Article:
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How to Filter Your Knowledge

Monday, November 21st, 2022

How to Filter Your Knowledge

Today, we have more access to information than ever before. We no longer have to visit a library to find new information – we have ready access to information on our home computers and the phones in our pockets.

That said, we also have more opportunities to put information out onto the internet for people to read – which means that some of the information we’re reading and sharing with others will be inaccurate. How do you know which information is accurate and which information isn’t?

In this blog, we’ll talk about how to filter your knowledge and ensure it’s accurate before you share it with others to prevent spreading misinformation.

1. If Something Sounds Off, It Probably Is

The inspiration for this post came from a conversation with a colleague of mine about the accuracy of a video circulating on the internet. This video talked about the top ideas in the world. It discussed several different laws (starting with Murphy’s law), but from the start, it seemed to summarize Murphy’s law differently than how most people hear it.

As you read new information on the internet, keep an eye out for these types of “red flag” moments. They will help keep you alert and prevent you from spreading bad info. If you’re not sure about the accuracy of something you’ve read, move on to the next step.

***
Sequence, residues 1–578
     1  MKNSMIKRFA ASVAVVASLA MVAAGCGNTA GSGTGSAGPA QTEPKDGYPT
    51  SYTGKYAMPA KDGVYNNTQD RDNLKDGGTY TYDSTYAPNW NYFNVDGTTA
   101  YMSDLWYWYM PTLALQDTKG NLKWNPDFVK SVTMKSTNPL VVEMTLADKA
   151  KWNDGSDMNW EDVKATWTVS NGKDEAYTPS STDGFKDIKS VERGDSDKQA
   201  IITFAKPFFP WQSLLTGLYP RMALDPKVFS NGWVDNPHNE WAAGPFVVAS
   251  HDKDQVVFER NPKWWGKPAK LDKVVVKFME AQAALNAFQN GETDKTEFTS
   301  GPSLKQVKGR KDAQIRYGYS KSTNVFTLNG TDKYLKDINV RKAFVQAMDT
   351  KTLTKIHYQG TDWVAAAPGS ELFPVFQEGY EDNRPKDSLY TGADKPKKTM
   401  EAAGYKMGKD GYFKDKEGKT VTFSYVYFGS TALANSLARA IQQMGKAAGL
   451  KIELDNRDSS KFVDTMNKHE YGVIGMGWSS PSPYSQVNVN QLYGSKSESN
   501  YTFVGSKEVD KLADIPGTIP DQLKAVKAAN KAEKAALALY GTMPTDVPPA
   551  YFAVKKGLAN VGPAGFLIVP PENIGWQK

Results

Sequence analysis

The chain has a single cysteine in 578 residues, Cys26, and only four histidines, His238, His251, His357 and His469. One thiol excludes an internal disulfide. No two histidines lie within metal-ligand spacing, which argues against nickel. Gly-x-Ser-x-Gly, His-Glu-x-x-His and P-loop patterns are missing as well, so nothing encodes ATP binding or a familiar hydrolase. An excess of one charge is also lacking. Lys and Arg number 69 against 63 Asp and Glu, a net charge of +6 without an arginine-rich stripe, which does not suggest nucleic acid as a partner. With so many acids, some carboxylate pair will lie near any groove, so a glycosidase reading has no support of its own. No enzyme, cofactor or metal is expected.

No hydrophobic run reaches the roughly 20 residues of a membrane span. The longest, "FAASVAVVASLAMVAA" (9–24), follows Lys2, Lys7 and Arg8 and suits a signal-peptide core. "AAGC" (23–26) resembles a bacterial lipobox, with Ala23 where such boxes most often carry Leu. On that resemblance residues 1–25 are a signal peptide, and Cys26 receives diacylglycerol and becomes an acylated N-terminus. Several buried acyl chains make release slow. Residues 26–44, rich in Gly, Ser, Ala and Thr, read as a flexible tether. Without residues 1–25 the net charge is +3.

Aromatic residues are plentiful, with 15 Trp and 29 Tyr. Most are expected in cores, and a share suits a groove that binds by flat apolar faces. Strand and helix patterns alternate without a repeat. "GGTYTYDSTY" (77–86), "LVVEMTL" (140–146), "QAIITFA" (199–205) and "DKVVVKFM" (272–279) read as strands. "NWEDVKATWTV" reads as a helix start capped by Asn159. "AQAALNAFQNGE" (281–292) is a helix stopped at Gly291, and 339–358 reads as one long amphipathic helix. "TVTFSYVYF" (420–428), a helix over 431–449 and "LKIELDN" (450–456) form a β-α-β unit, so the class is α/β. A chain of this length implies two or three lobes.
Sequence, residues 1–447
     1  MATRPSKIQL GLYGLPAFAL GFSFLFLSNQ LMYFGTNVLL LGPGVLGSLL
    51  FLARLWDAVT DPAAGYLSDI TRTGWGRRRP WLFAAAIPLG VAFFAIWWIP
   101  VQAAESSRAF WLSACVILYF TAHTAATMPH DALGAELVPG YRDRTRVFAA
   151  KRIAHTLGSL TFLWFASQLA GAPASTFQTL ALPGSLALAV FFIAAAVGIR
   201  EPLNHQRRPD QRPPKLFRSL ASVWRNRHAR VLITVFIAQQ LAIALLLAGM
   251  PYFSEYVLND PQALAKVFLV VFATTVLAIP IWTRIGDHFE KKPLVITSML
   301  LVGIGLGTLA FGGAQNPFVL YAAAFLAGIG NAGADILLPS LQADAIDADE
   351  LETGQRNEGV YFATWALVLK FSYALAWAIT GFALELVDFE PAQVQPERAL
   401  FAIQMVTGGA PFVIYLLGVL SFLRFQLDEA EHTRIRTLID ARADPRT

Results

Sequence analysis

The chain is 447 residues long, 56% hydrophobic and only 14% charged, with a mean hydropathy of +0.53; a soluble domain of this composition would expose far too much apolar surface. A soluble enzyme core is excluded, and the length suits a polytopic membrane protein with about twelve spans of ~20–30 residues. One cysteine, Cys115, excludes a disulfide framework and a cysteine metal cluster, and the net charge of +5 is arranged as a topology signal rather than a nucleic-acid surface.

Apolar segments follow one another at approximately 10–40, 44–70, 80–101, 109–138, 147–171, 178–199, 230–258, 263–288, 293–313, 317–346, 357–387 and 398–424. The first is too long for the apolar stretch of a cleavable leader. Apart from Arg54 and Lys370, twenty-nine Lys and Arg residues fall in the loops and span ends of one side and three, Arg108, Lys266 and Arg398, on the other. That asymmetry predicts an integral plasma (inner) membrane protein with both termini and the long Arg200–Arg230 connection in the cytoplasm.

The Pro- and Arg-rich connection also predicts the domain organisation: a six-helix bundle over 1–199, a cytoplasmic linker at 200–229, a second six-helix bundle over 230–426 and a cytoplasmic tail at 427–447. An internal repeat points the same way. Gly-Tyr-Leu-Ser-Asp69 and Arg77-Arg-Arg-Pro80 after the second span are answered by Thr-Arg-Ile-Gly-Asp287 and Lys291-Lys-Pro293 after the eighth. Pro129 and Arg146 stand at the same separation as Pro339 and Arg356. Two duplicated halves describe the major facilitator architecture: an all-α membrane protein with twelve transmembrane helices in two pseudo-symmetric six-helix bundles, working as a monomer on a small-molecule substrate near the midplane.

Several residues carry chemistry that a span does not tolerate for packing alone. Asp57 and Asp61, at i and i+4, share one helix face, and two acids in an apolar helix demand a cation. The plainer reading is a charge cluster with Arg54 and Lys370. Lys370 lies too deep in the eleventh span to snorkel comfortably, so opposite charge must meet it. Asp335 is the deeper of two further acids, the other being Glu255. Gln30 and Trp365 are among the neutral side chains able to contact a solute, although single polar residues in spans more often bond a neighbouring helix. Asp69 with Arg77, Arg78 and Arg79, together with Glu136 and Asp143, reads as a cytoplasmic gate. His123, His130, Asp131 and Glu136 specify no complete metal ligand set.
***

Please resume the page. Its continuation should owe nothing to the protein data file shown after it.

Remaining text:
2. Google it to Find it Somewhere Else

Although Google isn’t a foolproof system, it is a good starting point. By Googling your question by asking, “Is ___ true?” or “What is ___?”, you can gain a better understanding of what the truth is. Using the above example, you’d only need to ask, “What is Murphy’s law?” to find out whether you’re on the right track about the video.

Google can also help with fact-checking. If a fact or statistic is stated within an article but doesn’t provide a link/resource for you to look it up, Google it. Sometimes there is no fact there whatsoever – and other times, you’ll find that the same study has been cited across multiple sources. A bit more on how to handle that is below.

3. Hunt Down the Original Source

When facts or statistics are used in an article, there should always be some kind of link or resource page alongside it. If you can’t find the link for the statistic, check some of the other links within the article (sometimes writers will link only once but use multiple statistics from their source). If you can’t find a link anywhere, turn to Google to help you narrow down your search.

Here are some of the possible outcomes you may find if you Google a fact/statistic:

  • All articles are pointing to the same source which you don’t have access to. Sometimes data is hidden behind a paywall or has been removed from the internet, so you can’t tell whether the data is true or false.